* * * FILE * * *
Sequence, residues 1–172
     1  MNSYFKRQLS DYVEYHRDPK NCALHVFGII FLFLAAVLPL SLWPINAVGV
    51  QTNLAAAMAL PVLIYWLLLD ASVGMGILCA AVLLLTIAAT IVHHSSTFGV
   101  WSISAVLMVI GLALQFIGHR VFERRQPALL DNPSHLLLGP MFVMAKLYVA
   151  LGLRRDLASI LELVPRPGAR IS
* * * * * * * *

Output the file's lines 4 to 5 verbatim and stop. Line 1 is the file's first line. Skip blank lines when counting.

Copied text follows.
   101  WSISAVLMVI GLALQFIGHR VFERRQPALL DNPSHLLLGP MFVMAKLYVA
   151  LGLRRDLASI LELVPRPGAR IS